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European Commission unveils tough CO2 strategy ahead of 'green crimes' proposal

[JURIST] The European Commission (EC) [official website] unveiled a mandatory CO2 emissions strategy [EC Communication, PDF; materials; press release] Wednesday that would impose mandatory carbon dioxide (CO2) limits on all cars by 2012. Today's average European car emits approximately 160 grams of CO2 per kilometer; the new strategy would curb emissions at around 130 grams per kilometer. The strategy is a compromise agreement between the EC's Environmental and Industry Commissioners reached at a Wednesday Commission meeting [agenda, PDF], and while auto industry leaders say the limits could impact job growth, environmental advocates hailed the limits as an important step toward addressing climate change [EC materials]. If the 130 g/km standard is enacted, Europe's emissions standards would be the most stringent in the world. The EC will now begin drafting the law, and a vote is expected either this year or early next year. EUObserver has more. Reuters has additional coverage.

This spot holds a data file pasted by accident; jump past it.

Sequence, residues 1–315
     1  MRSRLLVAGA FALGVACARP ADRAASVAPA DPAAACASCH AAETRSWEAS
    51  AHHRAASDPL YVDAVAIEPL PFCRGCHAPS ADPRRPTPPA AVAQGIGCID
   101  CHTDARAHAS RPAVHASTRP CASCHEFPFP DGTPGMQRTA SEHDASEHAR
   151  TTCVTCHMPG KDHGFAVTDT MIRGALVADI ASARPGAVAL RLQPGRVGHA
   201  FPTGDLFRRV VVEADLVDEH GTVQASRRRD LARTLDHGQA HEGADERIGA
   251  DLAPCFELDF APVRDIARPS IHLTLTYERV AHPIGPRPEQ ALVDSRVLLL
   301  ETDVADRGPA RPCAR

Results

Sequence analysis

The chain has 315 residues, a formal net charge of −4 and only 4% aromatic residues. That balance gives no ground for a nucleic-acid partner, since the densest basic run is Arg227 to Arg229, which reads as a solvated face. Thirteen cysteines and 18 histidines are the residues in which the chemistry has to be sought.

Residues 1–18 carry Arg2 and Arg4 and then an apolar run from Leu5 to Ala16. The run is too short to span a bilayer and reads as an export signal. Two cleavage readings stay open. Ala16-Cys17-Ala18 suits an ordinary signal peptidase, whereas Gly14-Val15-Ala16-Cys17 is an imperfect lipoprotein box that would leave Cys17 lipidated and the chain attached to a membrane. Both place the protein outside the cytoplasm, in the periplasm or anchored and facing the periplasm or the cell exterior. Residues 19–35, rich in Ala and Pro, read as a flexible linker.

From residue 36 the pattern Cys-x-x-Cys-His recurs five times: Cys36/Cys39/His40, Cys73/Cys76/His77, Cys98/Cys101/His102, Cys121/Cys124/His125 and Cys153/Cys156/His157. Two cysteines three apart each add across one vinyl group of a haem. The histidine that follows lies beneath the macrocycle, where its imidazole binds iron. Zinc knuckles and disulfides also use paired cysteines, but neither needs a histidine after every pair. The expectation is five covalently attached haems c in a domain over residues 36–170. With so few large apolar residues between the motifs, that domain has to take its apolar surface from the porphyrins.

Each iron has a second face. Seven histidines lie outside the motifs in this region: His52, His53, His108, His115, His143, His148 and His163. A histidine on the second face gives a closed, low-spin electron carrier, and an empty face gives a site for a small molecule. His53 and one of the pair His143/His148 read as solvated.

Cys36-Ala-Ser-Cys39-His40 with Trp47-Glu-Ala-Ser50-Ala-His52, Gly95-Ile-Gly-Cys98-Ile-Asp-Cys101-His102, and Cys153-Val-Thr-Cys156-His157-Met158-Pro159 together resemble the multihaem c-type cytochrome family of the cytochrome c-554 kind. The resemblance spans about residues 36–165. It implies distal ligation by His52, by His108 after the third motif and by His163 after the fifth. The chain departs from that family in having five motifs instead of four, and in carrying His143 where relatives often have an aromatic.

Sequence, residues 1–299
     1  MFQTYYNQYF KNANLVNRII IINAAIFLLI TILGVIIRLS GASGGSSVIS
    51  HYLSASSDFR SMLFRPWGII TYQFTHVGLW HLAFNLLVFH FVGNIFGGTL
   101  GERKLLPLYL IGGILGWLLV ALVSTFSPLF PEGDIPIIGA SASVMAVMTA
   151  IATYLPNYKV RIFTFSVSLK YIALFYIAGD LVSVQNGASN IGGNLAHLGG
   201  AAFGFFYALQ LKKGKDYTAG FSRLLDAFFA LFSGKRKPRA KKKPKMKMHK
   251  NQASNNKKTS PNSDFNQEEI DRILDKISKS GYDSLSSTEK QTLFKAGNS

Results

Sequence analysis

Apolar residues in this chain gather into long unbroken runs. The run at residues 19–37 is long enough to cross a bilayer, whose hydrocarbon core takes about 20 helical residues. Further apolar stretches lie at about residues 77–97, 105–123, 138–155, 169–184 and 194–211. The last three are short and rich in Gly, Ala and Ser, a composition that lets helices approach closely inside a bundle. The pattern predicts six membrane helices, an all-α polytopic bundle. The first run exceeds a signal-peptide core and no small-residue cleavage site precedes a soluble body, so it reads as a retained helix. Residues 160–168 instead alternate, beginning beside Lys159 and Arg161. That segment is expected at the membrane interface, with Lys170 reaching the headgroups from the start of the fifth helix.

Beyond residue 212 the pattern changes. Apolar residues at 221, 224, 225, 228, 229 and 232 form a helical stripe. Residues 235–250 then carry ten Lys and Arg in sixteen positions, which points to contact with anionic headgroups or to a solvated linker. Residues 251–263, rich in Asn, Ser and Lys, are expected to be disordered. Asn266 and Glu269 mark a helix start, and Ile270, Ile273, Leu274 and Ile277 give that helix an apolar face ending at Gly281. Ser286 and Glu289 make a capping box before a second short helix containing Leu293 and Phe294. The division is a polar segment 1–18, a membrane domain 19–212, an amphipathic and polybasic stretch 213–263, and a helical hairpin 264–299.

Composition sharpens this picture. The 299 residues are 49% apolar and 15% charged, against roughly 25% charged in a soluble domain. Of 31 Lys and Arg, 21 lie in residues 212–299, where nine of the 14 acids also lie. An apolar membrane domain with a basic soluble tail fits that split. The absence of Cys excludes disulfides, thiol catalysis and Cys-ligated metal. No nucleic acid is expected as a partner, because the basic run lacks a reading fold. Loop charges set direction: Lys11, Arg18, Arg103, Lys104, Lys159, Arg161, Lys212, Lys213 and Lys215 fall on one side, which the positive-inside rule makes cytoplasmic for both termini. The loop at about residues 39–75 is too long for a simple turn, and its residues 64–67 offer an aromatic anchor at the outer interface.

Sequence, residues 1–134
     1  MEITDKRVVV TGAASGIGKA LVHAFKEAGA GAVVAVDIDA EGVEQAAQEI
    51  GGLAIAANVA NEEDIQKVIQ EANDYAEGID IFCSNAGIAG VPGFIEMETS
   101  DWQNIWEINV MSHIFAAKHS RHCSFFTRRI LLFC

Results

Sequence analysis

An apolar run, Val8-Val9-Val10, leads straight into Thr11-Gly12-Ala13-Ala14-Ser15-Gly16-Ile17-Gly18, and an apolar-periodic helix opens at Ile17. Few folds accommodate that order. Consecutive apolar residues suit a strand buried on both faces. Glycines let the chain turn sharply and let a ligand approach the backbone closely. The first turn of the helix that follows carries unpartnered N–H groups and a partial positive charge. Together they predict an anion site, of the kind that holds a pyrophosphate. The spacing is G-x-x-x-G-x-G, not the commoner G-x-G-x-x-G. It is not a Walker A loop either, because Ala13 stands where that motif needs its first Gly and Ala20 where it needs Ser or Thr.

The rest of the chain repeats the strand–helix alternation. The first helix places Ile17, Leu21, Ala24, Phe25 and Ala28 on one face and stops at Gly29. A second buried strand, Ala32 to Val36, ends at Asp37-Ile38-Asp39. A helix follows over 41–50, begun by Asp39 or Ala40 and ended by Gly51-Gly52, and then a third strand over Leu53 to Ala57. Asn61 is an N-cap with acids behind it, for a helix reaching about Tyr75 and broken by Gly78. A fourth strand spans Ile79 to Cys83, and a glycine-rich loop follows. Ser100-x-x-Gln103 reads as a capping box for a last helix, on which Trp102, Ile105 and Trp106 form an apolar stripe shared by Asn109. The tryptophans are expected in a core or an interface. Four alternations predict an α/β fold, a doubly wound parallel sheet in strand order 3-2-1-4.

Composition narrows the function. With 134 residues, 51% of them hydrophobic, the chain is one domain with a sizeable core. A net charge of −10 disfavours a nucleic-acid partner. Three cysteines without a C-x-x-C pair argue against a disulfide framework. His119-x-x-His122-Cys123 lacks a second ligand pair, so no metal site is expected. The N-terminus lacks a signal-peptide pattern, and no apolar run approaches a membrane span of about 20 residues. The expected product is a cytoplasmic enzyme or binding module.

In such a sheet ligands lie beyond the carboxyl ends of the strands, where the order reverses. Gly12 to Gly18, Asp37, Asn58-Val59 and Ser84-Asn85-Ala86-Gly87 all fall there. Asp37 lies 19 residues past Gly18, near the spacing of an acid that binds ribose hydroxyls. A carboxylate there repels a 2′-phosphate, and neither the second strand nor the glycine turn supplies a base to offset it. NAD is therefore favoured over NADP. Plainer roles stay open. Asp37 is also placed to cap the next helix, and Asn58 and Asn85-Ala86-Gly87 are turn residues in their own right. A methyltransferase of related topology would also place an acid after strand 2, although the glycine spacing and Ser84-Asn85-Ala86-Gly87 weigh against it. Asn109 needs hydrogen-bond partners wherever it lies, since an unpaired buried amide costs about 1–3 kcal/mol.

Meanwhile EC Justice Commissioner Franco Frattini [official website] is set to announce a "green crimes" proposal Friday which would criminalize nine environmental offences, including waste dumping, releasing toxic chemicals, causing significant environmental depletion, and possessing endangered animals. The most serious offenses could be subject to between one and ten years imprisonment and to fines up to €1.5m. The Independent has more.

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